This coming from someone who has had his entire education in India and loves the subject may sound a bit alarming. But this is how I find it. Please note that it is just a personal opinion formed based on the random incoherent surveys conducted over the years and discussions within close groups of friends, always–well… almost always–when they were drunk or stoned.
If you ask, majority of the pre-college going students–in their Senior Secondary years, just prior to the college, that is–in India will tell you that they like mathematics. A big chunk of that number belongs to what the Economists call “the great Indian middle class”. Well, that is true from one perspective. They like mathematics because studying pre-college mathematics is a must in India to get into Engineering. Engineering for the Indian middle-class is “a big thing”. You get the picture.
But if you ask me, the other perspective, the way mathematics is taught in most Indian pre-college institutions can never make it a likable subject. Most of you must have seen the Mathematics textbooks in your school days. And then in college days. And then in your kids’ school/pre-college days… I request you to give it another look and then decide if you or your kid can really like it or not. The way the books are written and the way the subject is taught is to program a human-being. You open a book, you’ll see text that is nothing but a collection of symbols, and algorithms that are to be read and run on a machine. There is hardly any description of the historical importance and the original author’s insight, his fight and vision in reaching the result. The student never feels the sense of discovery the discoverer might have sensed when his/her thought came into the form called “Theorem”.
To be ignorant of the lives of the most celebrated men of antiquity is to continue in a state of childhood all our days.
The best mathematics books in terms of developing a student’s liking and insight into the subject are never taught when they are needed the most. I have been very fortunate in that regard that when interest in mathematics started waning, I had access to those. But, in India, such books have been inaccessible to most of the students studying mathematics. It is way past the time when those books should have been made the part of curriculum.
The mind is not a vessel to be filled but a fire to be kindled. –Plutarch
But then, a set curriculum ruins the whole purpose of the book for what it is written for, because most teachers at that level never studied those books themselves.
Sometimes, I tend to think that the books at that level, at present, are written by some computer programmers in order to program a child just like a computer is programmed. And we are very good at getting programmed! Due to socio-economic factors mentioned previously, our entire future depends on how well we were programmed. For example, most of the Indian students, at least those who studied a little mathematics at the pre-college level, are good at finding anti-derivatives (which is taught in the name of `Integration’) of some functions. Very few have insight on what really `Integration’ is. They can find surface areas of arcane surfaces and areas under most complex of the curves brooding on the plane using crammed formulae, but they can hardly ever tell you why they needed it or that it is called Riemann Integral. Infinity is another number for them to “produce results” of the questions posed in the exams. They are never taught the profound thought in imaging it in simpler terms. Infinity for them is nothing but some number “out of bounds”–just like a computer–used in simplifying calculations. In short, what we are producing in India in the name of mathematical talent is “human calculating devices.” It is no wonder that India produces so many “skilled” workers in the IT industry.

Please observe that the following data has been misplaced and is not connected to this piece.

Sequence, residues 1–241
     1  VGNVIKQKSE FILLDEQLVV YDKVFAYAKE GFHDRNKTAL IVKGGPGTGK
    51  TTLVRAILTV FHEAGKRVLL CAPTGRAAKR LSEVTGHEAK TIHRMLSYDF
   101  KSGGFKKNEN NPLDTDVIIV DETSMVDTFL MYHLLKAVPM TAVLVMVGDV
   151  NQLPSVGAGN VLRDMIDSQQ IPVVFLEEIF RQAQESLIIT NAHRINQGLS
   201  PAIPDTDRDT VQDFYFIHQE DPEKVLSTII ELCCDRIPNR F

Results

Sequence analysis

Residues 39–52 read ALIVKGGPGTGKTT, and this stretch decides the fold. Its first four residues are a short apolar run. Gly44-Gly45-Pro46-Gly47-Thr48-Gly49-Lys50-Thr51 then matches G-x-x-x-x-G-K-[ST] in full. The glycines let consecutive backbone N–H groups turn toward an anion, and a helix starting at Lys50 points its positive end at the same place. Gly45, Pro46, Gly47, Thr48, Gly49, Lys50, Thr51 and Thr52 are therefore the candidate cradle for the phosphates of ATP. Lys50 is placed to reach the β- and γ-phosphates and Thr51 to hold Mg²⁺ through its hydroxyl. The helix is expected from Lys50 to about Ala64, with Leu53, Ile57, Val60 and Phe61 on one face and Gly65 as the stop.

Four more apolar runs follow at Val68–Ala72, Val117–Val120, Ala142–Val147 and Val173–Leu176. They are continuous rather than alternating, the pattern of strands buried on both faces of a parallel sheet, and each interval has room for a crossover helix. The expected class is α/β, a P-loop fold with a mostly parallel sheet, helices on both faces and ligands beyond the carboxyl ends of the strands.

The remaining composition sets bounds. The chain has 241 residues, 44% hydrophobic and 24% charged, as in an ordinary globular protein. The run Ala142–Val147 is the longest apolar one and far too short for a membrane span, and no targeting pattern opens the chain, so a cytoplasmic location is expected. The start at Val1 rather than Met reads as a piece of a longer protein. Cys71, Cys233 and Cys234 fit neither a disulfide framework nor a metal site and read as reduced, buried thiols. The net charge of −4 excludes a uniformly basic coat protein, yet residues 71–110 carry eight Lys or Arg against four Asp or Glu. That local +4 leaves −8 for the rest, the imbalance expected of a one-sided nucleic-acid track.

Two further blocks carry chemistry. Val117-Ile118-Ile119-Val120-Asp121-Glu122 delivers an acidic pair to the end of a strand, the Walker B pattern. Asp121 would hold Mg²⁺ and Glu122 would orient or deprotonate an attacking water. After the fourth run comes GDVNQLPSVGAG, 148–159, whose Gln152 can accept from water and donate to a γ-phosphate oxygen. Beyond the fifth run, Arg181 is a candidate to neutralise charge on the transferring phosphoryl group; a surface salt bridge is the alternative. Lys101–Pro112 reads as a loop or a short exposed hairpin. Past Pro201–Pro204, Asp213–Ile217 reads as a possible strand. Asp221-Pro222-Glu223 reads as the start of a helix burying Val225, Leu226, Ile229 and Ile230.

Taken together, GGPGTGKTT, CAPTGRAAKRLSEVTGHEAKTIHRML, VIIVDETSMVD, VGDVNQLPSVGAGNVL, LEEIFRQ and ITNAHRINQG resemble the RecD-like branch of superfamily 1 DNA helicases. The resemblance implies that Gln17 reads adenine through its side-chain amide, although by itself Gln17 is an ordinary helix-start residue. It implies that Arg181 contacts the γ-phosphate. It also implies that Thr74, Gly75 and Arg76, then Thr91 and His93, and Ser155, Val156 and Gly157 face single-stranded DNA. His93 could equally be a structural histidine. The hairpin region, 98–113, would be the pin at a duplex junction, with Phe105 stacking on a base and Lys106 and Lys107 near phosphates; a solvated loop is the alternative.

One of the major forces behind a successful mathematician is his/her teacher who is expected to develop the insight of the subject. The problem with teachers and schools in India, again, is influenced by the changing paradigms in socio-economic scenario. A parent, now-a-days wants the ward to “excel” every aspect of life, be it arts, sports, science, any damn thing. The race of producing sub-standard know-it-all machines has never been so invigorated. The present day teenager is the center of its parents’ hopes. They want it to achieve everything what they could achieve and what they could not, and even more. They want it to get a high-paying position in some multinational, right from the day the kid has entered the school. To heck with the interests or aesthetics! To heck with appreciating ideas. In this rat-race, a teacher is left behind with his values. What should (s)he do? Produce more rats to participate in the race in which no one rat wins the cheese, but several end up biting a little piece and left unsatisfied.
I have observed many examples: kids and teenagers who wanted to study mathematics–or something else for that matter–for their lives, but there will was crushed by the might of the ambition of the great Indian middle-class to reach the top… the economic top.
Probably that’s why we see many brilliant students in India, but not many achieving the heights what Russians, French and Germans do. Probably that’s why a Fields Medal has eluded India despite it being the mother of mathematical thought and its thousands of years’ history of mathematics.
But that is changing. Or, at least I hope that is changing…
EDIT (Friday, May 29 2009): More discussions reveal more problems. Another major problem is the language. You know what I mean!